I grew up five miles from the Stoney Mountain Federal Prison in Manitoba. In fact, I used to play minor hockey in the shadow of the place. A lot of the people I went to school with ended up working there (mostly as corrections officers, but the son of one of my parents’ friend was once the warden). And then there was that guy I played high school football with who ended up as an inmate after he killed a guy with a machete in a biker drug deal gone wrong.
Stoney Mountain was the home of David Milgaard for many years.
On January 31, 1969, a nursing aide named Gail Miller was raped and stabbed to death in Saskatoon. Milgaard, who was just 16 at the time, was arrested and convicted, even though there was much evidence clearing him. He’d just happened to be rolling through Saskatoon with a couple of friends with the murder happened.
Milgaard spent 23 years in Stoney for a crime he didn’t commit. But through relentless activism by his mother, Joyce, and dozens of other people who championed his cause, Milgaard was eventually exonerated on irrefutably DNA evidence and released. He was awarded $10 million in compensation and another $11 million was spent on a public inquiry into how things could have gone so wrong.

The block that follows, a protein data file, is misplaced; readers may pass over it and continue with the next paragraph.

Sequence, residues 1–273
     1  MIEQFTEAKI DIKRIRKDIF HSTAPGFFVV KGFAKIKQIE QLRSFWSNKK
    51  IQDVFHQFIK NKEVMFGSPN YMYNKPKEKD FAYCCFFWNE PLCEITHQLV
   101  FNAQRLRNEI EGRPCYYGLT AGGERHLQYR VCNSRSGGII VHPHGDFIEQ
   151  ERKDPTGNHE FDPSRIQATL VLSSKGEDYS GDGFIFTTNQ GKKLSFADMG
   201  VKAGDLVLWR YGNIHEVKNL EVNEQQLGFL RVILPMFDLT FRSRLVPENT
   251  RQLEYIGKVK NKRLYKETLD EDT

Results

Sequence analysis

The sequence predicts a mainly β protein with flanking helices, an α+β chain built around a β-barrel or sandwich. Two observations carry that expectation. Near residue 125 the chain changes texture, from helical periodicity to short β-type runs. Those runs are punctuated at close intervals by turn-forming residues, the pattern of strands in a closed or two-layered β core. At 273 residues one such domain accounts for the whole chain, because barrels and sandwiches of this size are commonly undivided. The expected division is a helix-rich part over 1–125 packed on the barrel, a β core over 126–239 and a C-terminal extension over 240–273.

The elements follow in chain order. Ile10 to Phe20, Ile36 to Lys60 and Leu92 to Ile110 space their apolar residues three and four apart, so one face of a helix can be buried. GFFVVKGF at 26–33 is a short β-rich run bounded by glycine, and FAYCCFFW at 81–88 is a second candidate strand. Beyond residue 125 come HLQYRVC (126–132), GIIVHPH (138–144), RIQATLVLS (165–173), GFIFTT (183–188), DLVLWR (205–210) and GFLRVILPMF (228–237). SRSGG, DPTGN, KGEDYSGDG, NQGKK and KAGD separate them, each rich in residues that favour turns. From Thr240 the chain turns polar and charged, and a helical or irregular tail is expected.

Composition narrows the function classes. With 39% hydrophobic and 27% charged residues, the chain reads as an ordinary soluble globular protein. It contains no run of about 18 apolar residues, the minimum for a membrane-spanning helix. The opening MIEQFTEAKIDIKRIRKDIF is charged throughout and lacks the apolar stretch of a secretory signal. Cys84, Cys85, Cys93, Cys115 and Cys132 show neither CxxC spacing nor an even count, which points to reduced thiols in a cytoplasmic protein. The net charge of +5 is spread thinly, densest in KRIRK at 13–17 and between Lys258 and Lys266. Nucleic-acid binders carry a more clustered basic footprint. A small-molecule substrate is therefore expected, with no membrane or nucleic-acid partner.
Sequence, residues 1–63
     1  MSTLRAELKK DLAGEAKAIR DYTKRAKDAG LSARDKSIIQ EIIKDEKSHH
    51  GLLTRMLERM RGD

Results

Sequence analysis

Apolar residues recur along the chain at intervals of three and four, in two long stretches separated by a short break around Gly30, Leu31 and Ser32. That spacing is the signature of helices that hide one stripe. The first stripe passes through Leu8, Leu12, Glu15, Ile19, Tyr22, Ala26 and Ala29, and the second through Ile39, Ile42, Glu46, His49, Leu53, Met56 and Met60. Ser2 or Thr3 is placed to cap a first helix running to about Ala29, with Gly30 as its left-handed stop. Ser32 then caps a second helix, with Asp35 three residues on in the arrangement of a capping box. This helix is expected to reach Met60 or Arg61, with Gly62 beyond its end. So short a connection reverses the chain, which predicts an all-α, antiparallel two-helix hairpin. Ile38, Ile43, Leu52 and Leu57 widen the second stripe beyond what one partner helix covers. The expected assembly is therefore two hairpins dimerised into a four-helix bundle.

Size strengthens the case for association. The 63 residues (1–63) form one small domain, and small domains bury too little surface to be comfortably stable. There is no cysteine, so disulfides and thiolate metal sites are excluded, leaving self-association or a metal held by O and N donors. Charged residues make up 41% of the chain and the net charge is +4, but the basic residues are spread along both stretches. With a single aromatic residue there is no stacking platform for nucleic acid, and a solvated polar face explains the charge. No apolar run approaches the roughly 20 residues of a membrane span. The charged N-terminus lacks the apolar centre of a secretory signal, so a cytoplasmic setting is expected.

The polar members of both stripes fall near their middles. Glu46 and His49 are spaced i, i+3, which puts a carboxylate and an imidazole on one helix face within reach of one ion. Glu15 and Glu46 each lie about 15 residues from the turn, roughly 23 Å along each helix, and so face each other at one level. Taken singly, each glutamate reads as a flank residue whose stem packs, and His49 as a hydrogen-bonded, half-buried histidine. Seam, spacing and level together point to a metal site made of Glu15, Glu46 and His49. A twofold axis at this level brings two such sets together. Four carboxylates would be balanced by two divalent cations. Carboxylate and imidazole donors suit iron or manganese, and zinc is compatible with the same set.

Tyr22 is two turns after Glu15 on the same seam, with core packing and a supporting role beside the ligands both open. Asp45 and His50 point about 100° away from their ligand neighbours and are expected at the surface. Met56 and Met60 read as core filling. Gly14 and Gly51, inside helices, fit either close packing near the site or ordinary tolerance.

A guy by the name of Larry Fisher was convicted of Miller’s death in 1999. He died in prison in 2015.
I bring this up because The Tragically Hip did much to create public awareness of this injustice through their song “Wheat Kings” from 1991’s Fully Completely. The track was inspired by Migaard’s story. He ended up being released in 1992.
The Hip tweeted some messages today.
During a meeting on wrongful conviction issues in 2020, Canadian Justice Minister David Lametti asked Milgaard to sign a copy of Fully Completely, which he did.
Milgaard died of complications with pneumonia over the weekend in a Calgary hospital at the age of 69.